Farm stands give out free food from June to September on Wednesdays from 10 a.m. to 11:30 a.m.

Wood grew up in the town of Newton, Mass., bordering Boston. She and her late husband, William, lived largely in towns like Uxbridge and Sudbury in Massachusetts before retiring to Portsmouth after vacationing in Newport through the years.

The decades have done little to erode her Boston accent. The name “Don” can sound like a confusing “Dawn.”

For Wood there is beauty in building a community. Aquidneck Island is a good size for drawing helpers (“I’m comfortable in small towns”) and being able to reach those in need. And Wood is impressed by the commitment locals make.

Salve Regina University students volunteer at the garden. | Peter Silvia photo

From farm to table

At times, the garden has delivered to the Florence Gray Center in Newport. There she met veteran community leader Pauline Perkins-Moye.

“No one was coming by for food,” Wood said. “So Pauline banged on doors and told them to come out and take some food. She didn’t wait around.”

Kathleen Rendos frequently joins the effort. Rendos is the assistant director of the Center for Engagement and Service at Salve Regina University, where she’s worked for18 years.

Rendos gathers students to volunteer at the garden. The men’s and women’s rugby teams have been enthusiastic.

“They’re used to working as teammates,” Rendos said. “But this is a different type of teamwork. Most of them come in with no experience in growing vegetables.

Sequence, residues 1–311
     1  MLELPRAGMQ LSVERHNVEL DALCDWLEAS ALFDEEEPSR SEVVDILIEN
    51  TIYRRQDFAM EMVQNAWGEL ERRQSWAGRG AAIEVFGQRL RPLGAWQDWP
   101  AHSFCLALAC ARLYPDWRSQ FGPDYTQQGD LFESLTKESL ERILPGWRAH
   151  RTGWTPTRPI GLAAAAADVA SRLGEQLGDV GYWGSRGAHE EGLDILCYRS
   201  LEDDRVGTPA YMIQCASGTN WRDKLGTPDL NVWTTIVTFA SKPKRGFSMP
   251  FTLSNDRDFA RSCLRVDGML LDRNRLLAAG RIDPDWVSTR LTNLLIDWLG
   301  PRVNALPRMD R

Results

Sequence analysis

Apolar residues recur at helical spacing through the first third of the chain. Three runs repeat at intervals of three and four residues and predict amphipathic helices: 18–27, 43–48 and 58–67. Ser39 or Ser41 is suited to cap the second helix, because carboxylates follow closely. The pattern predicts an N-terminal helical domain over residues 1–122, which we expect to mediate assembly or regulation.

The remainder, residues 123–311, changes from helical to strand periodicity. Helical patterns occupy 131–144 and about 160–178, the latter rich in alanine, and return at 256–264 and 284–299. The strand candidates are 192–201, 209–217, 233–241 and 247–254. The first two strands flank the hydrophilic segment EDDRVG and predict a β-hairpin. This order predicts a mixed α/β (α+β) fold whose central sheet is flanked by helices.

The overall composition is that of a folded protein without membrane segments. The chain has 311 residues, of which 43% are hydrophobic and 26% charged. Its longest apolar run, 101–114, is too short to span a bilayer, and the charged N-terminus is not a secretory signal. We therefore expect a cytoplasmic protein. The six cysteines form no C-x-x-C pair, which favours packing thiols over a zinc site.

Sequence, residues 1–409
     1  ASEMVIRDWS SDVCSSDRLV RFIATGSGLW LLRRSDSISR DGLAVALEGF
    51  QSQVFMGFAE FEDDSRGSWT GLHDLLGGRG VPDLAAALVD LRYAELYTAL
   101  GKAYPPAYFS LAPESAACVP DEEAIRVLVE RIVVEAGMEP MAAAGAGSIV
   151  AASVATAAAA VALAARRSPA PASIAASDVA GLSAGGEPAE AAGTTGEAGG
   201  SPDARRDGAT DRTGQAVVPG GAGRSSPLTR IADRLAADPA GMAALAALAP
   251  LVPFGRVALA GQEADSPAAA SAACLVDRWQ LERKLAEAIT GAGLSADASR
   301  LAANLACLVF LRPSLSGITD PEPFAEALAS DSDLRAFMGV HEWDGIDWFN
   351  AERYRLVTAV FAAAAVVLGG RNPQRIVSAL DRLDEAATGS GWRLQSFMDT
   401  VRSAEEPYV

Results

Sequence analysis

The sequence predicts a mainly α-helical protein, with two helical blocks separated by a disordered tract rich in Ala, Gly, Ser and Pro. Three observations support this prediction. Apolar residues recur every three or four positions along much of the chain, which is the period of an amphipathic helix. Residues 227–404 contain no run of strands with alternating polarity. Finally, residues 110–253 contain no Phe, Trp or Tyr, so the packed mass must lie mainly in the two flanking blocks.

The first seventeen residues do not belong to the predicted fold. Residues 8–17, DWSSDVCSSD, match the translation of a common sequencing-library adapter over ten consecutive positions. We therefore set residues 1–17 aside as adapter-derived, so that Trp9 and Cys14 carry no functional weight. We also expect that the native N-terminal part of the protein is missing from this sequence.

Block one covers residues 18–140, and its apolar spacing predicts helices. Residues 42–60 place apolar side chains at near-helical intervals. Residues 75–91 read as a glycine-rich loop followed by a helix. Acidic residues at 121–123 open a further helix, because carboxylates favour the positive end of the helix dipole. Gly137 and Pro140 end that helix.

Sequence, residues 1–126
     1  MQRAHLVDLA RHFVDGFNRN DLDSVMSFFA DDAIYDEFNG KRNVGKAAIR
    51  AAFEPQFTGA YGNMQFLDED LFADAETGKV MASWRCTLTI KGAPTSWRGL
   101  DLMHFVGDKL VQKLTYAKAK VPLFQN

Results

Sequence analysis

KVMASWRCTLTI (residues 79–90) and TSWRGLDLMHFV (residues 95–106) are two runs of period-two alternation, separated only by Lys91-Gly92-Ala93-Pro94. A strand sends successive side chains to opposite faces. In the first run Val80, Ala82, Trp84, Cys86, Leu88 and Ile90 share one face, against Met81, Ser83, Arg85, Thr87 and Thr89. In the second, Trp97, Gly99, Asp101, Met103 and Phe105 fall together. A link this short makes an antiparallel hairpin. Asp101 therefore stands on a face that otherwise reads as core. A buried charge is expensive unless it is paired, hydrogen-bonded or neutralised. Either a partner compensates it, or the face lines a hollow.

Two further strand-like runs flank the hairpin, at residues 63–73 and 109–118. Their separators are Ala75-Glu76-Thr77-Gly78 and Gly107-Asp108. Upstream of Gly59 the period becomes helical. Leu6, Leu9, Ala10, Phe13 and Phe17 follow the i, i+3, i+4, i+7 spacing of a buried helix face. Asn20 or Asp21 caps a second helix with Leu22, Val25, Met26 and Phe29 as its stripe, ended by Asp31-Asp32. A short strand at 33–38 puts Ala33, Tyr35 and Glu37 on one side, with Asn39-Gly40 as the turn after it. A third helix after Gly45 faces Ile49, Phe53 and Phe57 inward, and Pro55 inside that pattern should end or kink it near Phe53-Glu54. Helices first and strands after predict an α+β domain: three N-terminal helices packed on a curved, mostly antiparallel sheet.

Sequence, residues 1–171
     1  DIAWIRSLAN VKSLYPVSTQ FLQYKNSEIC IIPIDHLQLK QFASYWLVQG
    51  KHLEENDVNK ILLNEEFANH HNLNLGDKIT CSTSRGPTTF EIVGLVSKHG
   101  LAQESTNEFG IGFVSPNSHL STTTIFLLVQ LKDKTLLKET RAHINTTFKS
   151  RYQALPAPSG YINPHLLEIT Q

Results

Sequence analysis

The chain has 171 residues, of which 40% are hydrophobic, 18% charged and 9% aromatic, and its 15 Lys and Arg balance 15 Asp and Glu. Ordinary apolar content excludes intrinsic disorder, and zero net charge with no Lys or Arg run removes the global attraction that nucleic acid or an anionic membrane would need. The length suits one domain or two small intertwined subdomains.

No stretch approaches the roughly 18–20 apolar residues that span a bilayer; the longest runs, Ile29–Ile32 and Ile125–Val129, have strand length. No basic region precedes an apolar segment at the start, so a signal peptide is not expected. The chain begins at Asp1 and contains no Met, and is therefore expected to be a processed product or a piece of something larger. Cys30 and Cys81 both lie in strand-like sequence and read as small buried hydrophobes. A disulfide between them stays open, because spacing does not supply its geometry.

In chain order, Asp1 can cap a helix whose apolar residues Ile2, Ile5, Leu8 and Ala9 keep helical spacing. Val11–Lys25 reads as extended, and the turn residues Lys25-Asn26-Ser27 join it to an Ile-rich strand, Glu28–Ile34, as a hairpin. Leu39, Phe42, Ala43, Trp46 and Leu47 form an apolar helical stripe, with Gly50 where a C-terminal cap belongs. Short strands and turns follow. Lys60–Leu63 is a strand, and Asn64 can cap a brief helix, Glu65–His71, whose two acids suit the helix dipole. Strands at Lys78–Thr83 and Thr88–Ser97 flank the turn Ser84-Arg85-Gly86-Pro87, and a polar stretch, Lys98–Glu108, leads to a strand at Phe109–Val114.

“They come in thinking of green beans in a can. I understand. I grew up on green beans in a can. At the garden they learn the idea of farm to table. And they love it.”

A volunteer harvests produce at God’s Community Garden in Middletown. | Peter Silvia photo

A calm place amidst the chaos

God’s Community Garden sits across from the Gaudet Middle School football field and maybe a mile from the speedway bustle of East Main Road.

But it feels detached, as if it’s been cocooned — an agrarian anomaly.

Silvia started volunteering about a year ago. His friend, Christine Eagan, is one of a core of five women who are devoted volunteers.

Eagan urged Silvia to visit. And he’s never stopped coming back after that first trip to the farm.

“There’s a sense of calm and contentment and even peace out there,” Silvia said. “I think the people who volunteer feel that as well. And they’re doing great work. Food insecurity is a major issue.”

Wood shows no signs of wearing down. In fact, since her husband’s passing about a year ago, she spends more time than ever at the garden.

“This was a great place during the pandemic,” she said. “We had seniors here working outside and distancing. It was a benefit. That was a time when older people felt very isolated.”

Wood’s wish list includes more volunteers. While 66,000 pounds of vegetables distributed in 2022 is impressive, victories in the war on hunger are usually Pyrrhic.

But Wood likes to make a dent. “We grow healthy food and get it to people,” she says. “It feels good.”

Some of the bounty at God’s Community Garden. | Peter Silvia photo